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Earlier in October, last year, Jesus College, University of Cambridge returned a Benin Bronze, Okukor, making history as the first institution in the world to do so.

The Okukor statue was looted directly from the Court of Benin, as part of the punitive British expedition of 1897 and was given to the College in 1905 by the father of a student.

 

More than a hundred years later, the institution finally handed over the elaborately carved cockerel known as ‘Okukor’ to a Nigerian delegation at a ceremony in 2021.

Also in October 2021, the University of Aberdeen handed over a Benin Bronze to Nigeria after over 100 years since it was looted by British forces.

The sculpture, which depicts the head of an Oba (king), is one of the thousands of religious and cultural artefacts looted by British forces in 1897 during the destruction of Benin City in present-day Nigeria by a British military expedition.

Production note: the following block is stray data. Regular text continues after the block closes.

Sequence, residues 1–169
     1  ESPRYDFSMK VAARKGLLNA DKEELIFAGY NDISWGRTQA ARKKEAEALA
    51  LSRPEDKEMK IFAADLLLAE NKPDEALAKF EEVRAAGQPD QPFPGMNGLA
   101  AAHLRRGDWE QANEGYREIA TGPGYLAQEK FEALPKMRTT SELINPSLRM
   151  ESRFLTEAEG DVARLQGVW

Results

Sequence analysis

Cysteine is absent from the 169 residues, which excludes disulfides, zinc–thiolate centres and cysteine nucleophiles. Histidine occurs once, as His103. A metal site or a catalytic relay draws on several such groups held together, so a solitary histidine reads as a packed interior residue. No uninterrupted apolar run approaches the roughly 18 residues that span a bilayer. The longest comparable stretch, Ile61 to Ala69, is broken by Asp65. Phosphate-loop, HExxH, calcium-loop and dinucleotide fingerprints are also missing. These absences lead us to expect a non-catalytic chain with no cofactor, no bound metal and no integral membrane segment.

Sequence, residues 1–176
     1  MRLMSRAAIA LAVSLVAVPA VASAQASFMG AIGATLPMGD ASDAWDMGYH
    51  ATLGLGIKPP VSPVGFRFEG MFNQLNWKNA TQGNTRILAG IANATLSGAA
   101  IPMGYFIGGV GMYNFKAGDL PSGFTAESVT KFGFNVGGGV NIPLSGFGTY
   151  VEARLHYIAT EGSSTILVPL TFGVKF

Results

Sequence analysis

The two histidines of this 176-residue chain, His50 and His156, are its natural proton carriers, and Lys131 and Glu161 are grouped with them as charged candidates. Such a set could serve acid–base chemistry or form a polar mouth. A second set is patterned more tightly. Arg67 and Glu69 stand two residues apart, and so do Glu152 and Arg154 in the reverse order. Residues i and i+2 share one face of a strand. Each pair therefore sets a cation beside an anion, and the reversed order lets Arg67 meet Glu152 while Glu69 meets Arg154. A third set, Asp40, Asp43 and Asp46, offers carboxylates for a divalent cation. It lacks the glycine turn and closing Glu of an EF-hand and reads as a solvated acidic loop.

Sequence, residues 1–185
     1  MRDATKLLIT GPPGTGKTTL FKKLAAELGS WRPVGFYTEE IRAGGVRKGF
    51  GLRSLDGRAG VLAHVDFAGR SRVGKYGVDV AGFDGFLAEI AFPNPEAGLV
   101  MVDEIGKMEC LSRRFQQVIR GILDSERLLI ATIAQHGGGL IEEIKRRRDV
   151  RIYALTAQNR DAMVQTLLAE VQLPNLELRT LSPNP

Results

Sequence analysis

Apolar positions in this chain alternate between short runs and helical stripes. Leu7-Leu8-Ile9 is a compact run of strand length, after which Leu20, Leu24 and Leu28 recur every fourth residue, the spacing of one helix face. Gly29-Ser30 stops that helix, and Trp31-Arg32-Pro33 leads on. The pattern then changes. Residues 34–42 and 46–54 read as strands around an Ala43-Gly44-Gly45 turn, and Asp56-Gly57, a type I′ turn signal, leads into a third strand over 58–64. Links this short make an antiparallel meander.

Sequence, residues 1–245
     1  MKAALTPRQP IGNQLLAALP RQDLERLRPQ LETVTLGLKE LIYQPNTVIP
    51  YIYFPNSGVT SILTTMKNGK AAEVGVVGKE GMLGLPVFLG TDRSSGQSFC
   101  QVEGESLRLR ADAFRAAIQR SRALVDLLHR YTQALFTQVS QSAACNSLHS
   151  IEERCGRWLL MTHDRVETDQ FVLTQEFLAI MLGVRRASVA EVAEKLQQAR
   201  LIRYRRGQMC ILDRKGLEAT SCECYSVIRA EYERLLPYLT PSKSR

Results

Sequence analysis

Benin Kingdom Takes Legal Possession Of Repatriated Bronzes

 

The Oba of Benin Oba Ewuare II on Monday received the legal documents of the deed of transfer of the return of the bronze cockerel and the Oba bronze head recently handed over to Nigeria in the United Kingdom.

The legal documents were perfected at the palace of the Oba of Benin when signatories to the documents appended their signatures in the presence of the royal family, traditional rulers from different parts of Nigeria, as well as friends and well-wishers of the Benin monarch.

READ ALSO: Another UK University Officially Hands Over Looted Benin Bronze

The Nigerian High Commissioner to the UK, Tunji Ishola, who also appended his signature, said he’s already in physical possession of the bronzes but according to English law, a deed of transfer was imperative.